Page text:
It’s hard to think of English football without the English Premier League. It’s now the biggest domestic football league in the world and churns out billions every year. But with all the cash and star names, it’s dominance has caused ruptures in the leagues below and the dangers were known before its inception.
In a news story for ITV’s Calendar in 1992, John Shires looked at two clubs on the opposite sides of the football spectrum:
Doncaster Rovers are in financial peril. The news that the Premier League will launch in August 1992 is a major worry. On the other side of Yorkshire, Leeds United cannot wait for the league to start.
Doncaster Rovers were in the old Fourth Division at the time and in financial dire straits having been in over £600k in debt earlier that year. Leeds, on the other hand, were months away from winning the First Division and were excited for a new season with the best teams in the country.
The primary concern for lower league clubs was the loss of revenue and crowds as people flocked to see Premier League matches instead. The thought was that the Premier League’s fortunes would trickle down the English football league pyramid but, if anything, that money has only reached as far as the Championship, formerly known as the First Division.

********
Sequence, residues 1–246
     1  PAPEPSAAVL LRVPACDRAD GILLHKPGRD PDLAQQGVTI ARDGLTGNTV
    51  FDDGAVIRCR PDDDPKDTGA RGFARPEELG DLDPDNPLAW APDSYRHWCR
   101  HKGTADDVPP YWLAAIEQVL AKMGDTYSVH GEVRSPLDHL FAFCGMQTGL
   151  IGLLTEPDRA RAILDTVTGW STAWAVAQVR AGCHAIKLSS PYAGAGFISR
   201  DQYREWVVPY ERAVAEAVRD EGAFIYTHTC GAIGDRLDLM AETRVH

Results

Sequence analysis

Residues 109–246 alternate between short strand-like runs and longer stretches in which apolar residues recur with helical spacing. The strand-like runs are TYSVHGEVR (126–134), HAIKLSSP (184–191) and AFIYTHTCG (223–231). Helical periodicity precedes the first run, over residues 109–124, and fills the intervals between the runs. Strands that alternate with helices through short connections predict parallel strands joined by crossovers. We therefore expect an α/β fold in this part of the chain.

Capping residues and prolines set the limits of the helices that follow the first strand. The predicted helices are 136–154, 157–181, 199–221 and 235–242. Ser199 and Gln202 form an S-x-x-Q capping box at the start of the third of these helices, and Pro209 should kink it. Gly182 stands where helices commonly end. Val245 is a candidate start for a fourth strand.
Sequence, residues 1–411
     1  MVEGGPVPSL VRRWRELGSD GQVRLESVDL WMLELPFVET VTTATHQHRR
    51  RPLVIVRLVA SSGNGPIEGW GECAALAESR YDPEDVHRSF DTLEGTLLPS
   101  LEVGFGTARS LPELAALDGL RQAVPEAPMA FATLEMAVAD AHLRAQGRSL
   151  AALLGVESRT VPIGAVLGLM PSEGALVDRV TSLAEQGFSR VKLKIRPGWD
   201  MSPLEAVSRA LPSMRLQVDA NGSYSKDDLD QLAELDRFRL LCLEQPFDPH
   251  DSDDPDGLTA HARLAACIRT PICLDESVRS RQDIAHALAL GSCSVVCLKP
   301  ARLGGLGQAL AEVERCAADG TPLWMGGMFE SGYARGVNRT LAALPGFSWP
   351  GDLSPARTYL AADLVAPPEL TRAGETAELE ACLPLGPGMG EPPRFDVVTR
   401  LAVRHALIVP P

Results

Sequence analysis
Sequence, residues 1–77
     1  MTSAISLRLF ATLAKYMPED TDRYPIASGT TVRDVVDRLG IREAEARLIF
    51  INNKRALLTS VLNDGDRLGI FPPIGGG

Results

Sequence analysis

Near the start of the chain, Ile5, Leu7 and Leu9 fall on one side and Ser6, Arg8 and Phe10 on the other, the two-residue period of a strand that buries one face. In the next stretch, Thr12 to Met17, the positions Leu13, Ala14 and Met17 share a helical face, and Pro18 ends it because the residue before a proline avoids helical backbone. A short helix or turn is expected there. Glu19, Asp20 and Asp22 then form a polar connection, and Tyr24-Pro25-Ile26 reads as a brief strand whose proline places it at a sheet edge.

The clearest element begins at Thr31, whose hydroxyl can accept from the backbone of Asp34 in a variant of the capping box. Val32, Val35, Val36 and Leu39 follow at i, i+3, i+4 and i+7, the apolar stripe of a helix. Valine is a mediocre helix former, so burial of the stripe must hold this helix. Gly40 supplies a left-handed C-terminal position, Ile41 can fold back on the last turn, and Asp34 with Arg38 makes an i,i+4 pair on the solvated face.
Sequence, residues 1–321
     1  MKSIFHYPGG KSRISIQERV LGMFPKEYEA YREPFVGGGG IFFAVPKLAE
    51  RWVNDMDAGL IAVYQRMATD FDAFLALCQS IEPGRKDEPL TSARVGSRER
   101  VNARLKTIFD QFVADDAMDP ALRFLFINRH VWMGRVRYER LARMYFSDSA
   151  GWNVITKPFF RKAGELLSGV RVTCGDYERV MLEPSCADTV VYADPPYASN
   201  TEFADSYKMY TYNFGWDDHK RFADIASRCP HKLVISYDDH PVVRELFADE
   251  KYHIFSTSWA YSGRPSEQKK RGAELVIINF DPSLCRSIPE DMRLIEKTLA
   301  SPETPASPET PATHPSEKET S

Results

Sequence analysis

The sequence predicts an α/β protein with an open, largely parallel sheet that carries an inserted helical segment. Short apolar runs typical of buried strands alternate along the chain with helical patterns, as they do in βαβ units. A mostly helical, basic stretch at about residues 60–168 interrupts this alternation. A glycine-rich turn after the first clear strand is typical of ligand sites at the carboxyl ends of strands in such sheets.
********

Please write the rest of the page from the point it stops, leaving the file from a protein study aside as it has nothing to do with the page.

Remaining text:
The warnings from 1992 appear to have been bang on the money (all puns intended). Clubs like Bury, Bolton, Blackpool, Wigan, and Doncaster Rovers all suffered in their own respective ways, with three of those clubs having played in the top flight and reached cup finals (Wigan winning theirs in 2013 and getting relegated in the same season). Bury are now nothing but a name with no players and no league to play in. Doncaster Rovers managed to pull themselves up via a relegation to the Conference and now play in League 1 after a few stints in the Championship.
But as the gulf between the Premier League and the Football League widens and consistent talks of another breakaway league, where will that leave lower league clubs 30 years on from this news story?